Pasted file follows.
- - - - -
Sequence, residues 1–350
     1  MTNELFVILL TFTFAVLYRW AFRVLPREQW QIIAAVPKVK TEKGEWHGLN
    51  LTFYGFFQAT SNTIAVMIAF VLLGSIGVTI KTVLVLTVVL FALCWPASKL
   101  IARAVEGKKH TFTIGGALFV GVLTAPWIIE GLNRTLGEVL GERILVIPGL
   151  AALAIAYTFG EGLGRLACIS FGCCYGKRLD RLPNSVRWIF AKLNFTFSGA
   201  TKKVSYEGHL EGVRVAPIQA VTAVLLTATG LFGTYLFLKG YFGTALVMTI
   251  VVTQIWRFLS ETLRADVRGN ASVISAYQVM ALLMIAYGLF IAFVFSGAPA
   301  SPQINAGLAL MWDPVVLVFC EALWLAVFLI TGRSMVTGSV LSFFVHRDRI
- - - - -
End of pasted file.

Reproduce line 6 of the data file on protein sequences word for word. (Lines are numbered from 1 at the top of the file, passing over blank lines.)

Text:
   201  TKKVSYEGHL EGVRVAPIQA VTAVLLTATG LFGTYLFLKG YFGTALVMTI